Sen. Josh Hawley accuses NBA, celebrities of profiting from slave labor in China
Are U.S. companies profiting from Chinese slave labor while preaching social justice reform? Reaction from Jason Whitlock, partner and columnist at OutKick.com.
LeBron James and his Los Angeles Lakers teammates, along with Los Angeles Clippers, Utah Jazz and New Orleans Pelicans players, knelt during the national anthem Thursday to protest racial injustice and police brutality.
It was the first protest during the national anthem since Mahmoud Abdul-Rauf refused to stand for “The Star-Spangled Banner” in the 1990s, when he played for the Denver Nuggets.
In kneeling, the players followed a precedent set by free agent NFL quarterback Colin Kaepernick, who started a firestorm in 2016 when he sat and knelt during the national anthem.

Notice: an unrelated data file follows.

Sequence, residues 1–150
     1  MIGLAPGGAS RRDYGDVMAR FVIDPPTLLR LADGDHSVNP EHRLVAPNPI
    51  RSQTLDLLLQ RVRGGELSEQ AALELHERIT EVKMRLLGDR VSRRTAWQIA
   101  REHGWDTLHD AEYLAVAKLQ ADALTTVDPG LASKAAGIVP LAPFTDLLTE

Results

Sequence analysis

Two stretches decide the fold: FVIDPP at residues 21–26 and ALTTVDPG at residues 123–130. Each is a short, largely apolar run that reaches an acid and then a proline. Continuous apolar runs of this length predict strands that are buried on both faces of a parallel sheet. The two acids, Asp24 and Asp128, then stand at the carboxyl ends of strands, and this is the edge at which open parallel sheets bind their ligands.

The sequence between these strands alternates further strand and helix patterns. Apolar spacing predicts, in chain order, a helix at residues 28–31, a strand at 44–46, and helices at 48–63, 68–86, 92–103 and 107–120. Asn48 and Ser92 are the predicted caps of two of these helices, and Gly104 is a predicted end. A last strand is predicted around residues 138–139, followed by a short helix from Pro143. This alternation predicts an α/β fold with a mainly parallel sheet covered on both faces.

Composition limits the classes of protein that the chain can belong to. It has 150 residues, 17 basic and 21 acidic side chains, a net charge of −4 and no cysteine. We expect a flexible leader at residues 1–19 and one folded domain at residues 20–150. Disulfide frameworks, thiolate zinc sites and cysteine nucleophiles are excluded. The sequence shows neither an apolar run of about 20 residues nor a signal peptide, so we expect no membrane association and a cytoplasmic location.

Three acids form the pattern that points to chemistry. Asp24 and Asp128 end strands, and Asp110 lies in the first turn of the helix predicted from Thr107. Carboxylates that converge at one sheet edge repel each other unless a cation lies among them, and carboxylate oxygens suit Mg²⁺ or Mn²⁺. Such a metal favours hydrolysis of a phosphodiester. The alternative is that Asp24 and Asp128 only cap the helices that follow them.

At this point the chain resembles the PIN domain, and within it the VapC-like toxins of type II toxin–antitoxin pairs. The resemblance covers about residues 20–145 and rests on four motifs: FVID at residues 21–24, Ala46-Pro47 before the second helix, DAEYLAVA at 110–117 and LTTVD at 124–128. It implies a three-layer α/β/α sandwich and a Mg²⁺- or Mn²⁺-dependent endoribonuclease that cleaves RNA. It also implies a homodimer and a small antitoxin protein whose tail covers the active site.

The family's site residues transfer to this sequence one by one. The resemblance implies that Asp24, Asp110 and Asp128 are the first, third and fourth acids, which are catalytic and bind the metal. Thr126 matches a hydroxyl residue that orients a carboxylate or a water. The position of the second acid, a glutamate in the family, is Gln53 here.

James said after the game, "I hope we made Kap proud,” according to USA Today.
“Kap was someone who stood up when times weren’t comfortable,” James added, according to the Los Angeles Sentinel. “When people didn’t understand…it had absolutely nothing to do about the flag he explained that and people never listened. I did! We just thank him for sacrificing everything that he did.”
The players, coaches and referees broke a long-standing rule that has been in place in the NBA since the 1980s, requiring players to stand for the national anthem. NBA Commissioner Adam Silver appeared to support players’ peaceful protest. He made a statement after the Jazz and Pelicans’ protest before their game.
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“I respect our teams’ unified act of peaceful protest for social justice and under these unique circumstances will not enforce our long-standing rule requiring standing during the playing of our national anthem,” Silver said, according to The New York Times.
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